As one grows older, one loves the autumn more and more, but one fears the spring.
No doubt there is much to be said for joyous beauty, raucous beauty, bold and vibrant in-your-face beauty. There is also, however, something to be said for other kinds of beauty: quiet beauty, melancholy beauty, mournful and nostalgic beauty—the beauty of fond memories, of unfolding change, of mystery, of the unknown.
Although for most people in most years the arrival of spring gives rise to hopefulness, to relief from winter’s drudgeries, to a sense of renewal; for some, spring is also associated with rising rates of depression and anxiety. The condition known as Seasonal Affective Disorder (SAD), although most often associated with winter, in some cases also arises in spring and summer.
Alas, as some people constantly seek reasons to celebrate, my own mind constantly seeks reasons to contemplate and to despair. I can’t help it. My sort of happiness comes not from focusing on the positive and ignoring the negative things in the world but from consciously reframing those negative things I can’t help being mindful of, in meaningful ways, finding reasons for gratitude and acceptance.
I don’t spend as much time outdoors in the winter months as I do in other times. When March arrives, temperatures in this high desert are still cold and weather is still unstable. Sunny days are often still followed by freezing nights, and the last of the winter storms may still bring bouts of snow and ice. Here and there, however, small buds and tufts of green begin to show, whispering to the mindful: “it won’t be long now.” The air is again rich with scents and the calls of birds. The sun no longer glares at eye-level over blotted white expanses, but comes at steeper angles, distinguishing areas of light and shade that shift noticeably throughout the day.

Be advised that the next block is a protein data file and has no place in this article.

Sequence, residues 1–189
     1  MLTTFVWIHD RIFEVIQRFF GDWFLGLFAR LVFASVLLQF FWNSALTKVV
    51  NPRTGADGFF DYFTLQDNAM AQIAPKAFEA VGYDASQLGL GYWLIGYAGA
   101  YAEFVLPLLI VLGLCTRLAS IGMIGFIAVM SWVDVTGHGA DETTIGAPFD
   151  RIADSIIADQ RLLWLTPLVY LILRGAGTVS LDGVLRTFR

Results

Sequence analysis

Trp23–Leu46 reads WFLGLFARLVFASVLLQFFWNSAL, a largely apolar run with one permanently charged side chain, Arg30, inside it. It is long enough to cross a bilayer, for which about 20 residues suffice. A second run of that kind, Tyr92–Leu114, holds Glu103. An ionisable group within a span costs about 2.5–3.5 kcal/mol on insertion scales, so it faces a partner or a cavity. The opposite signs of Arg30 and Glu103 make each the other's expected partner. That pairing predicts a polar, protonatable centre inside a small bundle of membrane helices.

Although there are still no flowers or vibrant foliage, there is this time of year a quiet, deep kind of beauty in the anticipation of these things, in the small reminders and reassurances that life is awakening, returning from faraway places, striving to reclaim and thrive and commune again with other life.
The return of life, always beautiful, never quite the same, is in a sense a mirror and a prophecy—a reminder of what is, and a harbinger of what is to come. What is, right now, is not just the return of warmer weather but also the relentless and accelerating march of a changing climate. What is to come is also—in truth, always—change. Watching the way the seasons transition each year, and how it differs from previous years, points to trends.
On my recent outings I have seen bees despite there not being a single flower in bloom: pollinators unable to feed themselves and to fulfill their age-old role in a now-broken cycle and a disrupted status-quo. By the time the flowers come, they will have fewer allies visiting them, and a lesser chance of giving rise to future generations. Such is the ruthless nature of evolution by natural selection. The processes that bring about species, in time also replace species with other better-adapted ones.
I visited some once-perennial water pockets, normally fed by rains and melted snow. Most are now dry, filled with sand and silt, surrounded by the brown remnants of reeds, sedges, willows, even the occasional skeleton of a once-mighty ponderosa pine.